book review – Children of Blood and Bone

They killed my mother.
They took our magic.
They tried to bury us.
Now we rise.

O.M.G this is such a fantastic book and an incredible debut from Tomi Adeyemi.

There is so much to love about this intense, action-packed, West-African inspired fantasy.

empowering, badass women ✓
a beautiful, evolving female friendship ✓
magic (a little bit necromantic) ✓ ✓
an entirely non-white cast of characters ✓
a raw reflection of real life issues ✓
excellent character development ✓

In the land of Orïsha, maji used to thrive until the night of the Raid when the king massacred the gifted and magic died. Many years later, after watching her cruel father murder her servant/best friend, Princess Amari steals mysterious relics that have the king rattled and teams up with Zélie – a dormant maji who never had a chance to taste her magic – and Zélie’s protective brother, Tzain. Together, they journey to bring magic back, but they only have one chance or it will be gone forever.
The narrative alternates between Amari, Zélie, and Inan – the tormented prince.

The characters are so complex and Adeyemi does a brilliant job with their development; we constantly see them growing and changing and learning. Amari goes from a weak, lost princess to a brave and determined woman. Zélie’s fierce warrior spirit is consistent, but throughout the story, we see the vulnerabilities she fights against come to the surface. Inan, who you could call an antagonist, has a very compelling narrative, constantly battling and doubting himself and desperately trying to figure out what is right.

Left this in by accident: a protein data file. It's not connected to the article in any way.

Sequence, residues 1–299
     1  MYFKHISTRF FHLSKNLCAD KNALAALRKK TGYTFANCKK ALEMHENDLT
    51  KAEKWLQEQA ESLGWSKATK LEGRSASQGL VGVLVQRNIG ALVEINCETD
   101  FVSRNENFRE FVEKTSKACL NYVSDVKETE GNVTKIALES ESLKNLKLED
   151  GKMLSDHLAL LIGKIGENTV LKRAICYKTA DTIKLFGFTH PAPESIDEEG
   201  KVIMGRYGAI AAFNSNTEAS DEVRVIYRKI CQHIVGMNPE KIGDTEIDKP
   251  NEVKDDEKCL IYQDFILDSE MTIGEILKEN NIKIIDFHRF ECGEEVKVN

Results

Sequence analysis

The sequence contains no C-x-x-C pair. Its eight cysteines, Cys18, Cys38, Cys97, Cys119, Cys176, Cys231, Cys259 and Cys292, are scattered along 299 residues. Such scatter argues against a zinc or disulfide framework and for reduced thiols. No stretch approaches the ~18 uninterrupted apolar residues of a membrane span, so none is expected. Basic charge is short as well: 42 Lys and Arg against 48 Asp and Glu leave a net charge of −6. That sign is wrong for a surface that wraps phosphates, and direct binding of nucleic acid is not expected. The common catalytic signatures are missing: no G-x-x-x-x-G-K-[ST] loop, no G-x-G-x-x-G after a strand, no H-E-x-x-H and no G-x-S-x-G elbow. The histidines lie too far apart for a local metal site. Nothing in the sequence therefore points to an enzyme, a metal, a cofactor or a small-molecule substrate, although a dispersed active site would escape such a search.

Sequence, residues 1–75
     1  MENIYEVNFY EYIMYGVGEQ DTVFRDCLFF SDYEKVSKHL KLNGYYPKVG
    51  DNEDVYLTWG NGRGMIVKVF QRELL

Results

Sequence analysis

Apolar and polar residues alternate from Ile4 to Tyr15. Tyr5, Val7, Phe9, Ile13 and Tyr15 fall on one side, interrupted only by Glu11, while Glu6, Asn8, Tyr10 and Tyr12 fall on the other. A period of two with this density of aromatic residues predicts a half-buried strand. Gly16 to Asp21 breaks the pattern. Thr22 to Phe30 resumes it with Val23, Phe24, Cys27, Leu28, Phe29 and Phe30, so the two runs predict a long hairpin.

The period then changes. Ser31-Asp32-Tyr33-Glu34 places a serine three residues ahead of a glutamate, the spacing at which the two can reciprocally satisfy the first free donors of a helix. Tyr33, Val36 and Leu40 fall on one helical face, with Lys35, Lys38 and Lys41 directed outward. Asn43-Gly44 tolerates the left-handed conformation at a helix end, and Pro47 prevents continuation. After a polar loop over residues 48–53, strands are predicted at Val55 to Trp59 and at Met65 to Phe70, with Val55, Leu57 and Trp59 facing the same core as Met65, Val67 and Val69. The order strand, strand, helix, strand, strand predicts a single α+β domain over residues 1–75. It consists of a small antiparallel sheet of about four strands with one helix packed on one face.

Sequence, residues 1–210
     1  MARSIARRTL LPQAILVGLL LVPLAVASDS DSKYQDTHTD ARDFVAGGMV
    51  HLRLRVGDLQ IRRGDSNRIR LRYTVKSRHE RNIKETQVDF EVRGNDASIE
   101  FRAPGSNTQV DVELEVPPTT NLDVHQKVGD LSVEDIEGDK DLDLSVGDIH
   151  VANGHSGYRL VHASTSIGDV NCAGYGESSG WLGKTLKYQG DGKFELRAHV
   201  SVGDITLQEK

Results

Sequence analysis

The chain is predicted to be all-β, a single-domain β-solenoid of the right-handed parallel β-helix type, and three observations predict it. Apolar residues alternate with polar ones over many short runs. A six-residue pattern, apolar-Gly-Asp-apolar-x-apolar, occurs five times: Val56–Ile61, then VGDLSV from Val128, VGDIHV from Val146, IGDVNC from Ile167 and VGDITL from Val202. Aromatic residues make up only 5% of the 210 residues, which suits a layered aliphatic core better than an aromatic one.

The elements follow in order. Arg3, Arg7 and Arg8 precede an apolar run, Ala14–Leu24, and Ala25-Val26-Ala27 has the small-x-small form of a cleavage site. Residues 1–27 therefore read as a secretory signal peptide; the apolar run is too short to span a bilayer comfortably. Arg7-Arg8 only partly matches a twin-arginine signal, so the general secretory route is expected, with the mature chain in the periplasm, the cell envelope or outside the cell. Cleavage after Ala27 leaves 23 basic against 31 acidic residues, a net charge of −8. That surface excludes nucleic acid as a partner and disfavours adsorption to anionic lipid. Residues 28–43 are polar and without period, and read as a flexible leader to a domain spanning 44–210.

The world-building, explanation of magic systems, history and culture are all flawlessly constructed. The story has everything you want from a fantasy book but between the lines, Adeyemi thoughtfully deals with issues of racial prejudice and injustice. It’s violent and heartbreaking and fused with the hope of change.

I could feel how much of Adeyemi’s heart went into this book and it is an incredible experience.

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